Minister for Health Leo Varadkar has said those campaigning for a No vote in the Marriage Referendum are "throwing up other issues" to try and change the argument surrounding same-sex marriage.
Speaking on RTÉ's Claire Byrne Live programme Minister Varadkar said he believes No campaigners are against marriage equality, but they know they cannot win on that argument so they are bringing in extraneous issues.
He said the referendum is about liberty and equality and we have a chance for Ireland to do something really wonderful for society.
Asked by Claire Byrne if he believes a male-female parenting couple is the same as male-male and female-female, the health minister said of course it is different but it can also be equal.
On Catholic ethos schools, the minister said schools will be able to educate the teaching of their church in religion class but in civics they will have to teach what the law is.
He also said the vote on Friday is not about surrogacy and there is no constitutional right to surrogacy.
Speaking on the same programme, Senior Counsel and No vote campaigner Patrick Treacy said the referendum presents people with the thesis that the distinction of sex is irrelevant when it come to marriage, when in fact the very essence of marriage is the distinction as to sex.
He said gender is hugely important in Ireland and we have gender quotas but when it comes to marriage and family we say gender is irrelevant.
He said in the last week there are concerns about donor assisted reproduction, surrogacy , education and the solemnisation of marriages and these should all have been studied and green and white papers done.
Fitzgerald 'wrong' on surrogacy issue - Mullen
Earlier, Independent Senator Rónán Mullen said Minister for Justice Frances Fitzgerald was wrong to say the issue of surrogacy was not bound up with the same-sex marriage referendum.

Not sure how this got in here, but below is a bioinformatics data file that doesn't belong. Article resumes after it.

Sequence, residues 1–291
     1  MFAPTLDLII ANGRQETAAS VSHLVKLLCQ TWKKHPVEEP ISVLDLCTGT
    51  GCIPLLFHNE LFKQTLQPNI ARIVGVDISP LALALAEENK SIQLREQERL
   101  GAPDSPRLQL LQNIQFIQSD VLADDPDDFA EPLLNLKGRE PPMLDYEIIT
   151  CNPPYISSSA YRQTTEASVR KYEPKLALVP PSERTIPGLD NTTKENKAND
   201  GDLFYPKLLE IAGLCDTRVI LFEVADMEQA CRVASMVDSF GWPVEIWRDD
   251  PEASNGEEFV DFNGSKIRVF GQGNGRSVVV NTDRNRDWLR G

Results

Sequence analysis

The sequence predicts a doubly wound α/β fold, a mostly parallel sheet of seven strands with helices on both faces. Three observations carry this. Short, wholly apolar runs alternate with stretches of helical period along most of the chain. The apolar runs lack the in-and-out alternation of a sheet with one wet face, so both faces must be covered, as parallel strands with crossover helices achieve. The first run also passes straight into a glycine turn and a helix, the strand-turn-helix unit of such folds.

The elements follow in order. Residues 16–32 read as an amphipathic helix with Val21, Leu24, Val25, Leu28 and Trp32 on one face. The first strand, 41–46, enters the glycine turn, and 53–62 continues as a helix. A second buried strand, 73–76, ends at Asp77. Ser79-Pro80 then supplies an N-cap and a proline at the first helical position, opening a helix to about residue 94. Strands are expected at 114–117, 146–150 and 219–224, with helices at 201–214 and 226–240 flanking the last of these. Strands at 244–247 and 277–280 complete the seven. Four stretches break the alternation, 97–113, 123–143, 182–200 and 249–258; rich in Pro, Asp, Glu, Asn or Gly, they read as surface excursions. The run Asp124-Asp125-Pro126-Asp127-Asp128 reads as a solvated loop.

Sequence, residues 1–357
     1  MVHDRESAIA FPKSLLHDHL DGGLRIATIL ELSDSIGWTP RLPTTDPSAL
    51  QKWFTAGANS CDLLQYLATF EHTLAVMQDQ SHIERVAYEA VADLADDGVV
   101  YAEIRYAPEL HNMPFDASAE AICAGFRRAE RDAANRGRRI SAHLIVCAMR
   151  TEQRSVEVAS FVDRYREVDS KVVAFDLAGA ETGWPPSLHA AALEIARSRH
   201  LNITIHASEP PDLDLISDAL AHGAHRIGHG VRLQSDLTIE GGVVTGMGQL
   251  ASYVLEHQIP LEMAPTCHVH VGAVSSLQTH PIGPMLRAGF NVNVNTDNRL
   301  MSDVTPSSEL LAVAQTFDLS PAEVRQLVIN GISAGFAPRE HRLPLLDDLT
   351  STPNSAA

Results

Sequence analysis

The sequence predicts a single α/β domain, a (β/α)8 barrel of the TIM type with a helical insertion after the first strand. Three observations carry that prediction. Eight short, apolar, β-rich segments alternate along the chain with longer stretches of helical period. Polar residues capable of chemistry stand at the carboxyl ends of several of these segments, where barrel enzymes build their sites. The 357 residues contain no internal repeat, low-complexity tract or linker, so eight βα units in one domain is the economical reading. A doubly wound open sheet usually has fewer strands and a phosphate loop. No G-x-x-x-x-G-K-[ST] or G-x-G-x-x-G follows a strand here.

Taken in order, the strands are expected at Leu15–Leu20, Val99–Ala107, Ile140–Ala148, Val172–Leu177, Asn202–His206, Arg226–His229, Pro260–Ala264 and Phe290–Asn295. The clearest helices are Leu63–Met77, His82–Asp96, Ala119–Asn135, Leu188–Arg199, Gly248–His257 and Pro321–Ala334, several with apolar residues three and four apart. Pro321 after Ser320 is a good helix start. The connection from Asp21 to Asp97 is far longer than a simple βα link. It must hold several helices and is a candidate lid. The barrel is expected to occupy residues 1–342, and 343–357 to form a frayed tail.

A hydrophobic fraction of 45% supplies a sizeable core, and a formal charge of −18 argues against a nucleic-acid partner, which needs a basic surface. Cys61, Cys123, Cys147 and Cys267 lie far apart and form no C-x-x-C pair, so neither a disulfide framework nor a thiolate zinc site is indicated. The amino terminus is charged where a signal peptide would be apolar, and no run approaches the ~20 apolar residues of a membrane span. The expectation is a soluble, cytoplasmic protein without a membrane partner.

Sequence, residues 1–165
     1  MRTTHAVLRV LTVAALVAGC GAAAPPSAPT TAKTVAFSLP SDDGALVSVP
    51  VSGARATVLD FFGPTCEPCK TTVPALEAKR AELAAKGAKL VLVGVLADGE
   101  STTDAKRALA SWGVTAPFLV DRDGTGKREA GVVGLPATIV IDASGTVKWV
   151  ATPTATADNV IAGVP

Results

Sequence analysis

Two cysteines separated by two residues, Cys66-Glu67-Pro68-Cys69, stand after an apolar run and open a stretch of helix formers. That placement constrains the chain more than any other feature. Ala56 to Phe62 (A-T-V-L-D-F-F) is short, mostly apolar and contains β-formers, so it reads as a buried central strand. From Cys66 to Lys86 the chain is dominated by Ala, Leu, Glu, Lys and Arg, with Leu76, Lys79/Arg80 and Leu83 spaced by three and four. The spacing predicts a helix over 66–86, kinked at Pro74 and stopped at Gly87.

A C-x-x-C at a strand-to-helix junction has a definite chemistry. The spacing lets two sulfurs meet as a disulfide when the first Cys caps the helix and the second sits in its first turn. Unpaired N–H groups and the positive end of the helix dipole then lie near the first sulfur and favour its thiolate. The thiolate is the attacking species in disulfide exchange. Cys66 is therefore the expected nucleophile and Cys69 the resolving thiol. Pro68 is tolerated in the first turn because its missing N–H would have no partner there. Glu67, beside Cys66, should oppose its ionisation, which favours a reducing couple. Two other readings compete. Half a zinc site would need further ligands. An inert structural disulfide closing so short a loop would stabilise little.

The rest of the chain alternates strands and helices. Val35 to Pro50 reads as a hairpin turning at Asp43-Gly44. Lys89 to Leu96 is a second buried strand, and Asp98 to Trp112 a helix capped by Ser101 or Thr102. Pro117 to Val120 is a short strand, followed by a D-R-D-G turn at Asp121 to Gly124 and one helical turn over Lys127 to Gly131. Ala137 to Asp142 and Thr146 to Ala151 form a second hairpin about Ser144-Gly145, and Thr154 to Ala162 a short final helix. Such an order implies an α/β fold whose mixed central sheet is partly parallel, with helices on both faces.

Speaking on RTÉ's Today with Sean O'Rourke, Mr Mullen quoted Mr Justice Kevin Cross of the Referendum Commission as saying that it was very difficult to imagine how you could in future give preference to heterosexual parenting.
Mr Mullen said an attempted ban on commercial surrogacy could be struck down by the courts and all of this uncertainty would be caused by a Yes vote, whereas a No vote would send the Government back to the drawing board.
He also said schools would be up against the equality police when it came to what they could teach in regard to marriage.
Speaking on the same programme, Ms Fitzgerald said people had huge concerns about surrogacy, particularly commercial surrogacy, but said it was primarily an issue that affected heterosexual couples.
The minister said as a country Ireland has big decisions to take in relation to surrogacy, but said it is "primarily a heterosexual couple as opposed to a same-sex couple issue".
Ms Fitzgerald also said statements made by Catholic bishops over the weekend were inaccurate, referring to letters read out in mass across several diocese in which a number of bishops called for a No vote, saying same-sex marriage would force religious institutions to teach contrary to their beliefs.
Referendums in Ireland – A quick look at past votes and turnout https://t.co/7NNvyisErF— RTÉ News (@rtenews) May 14, 2015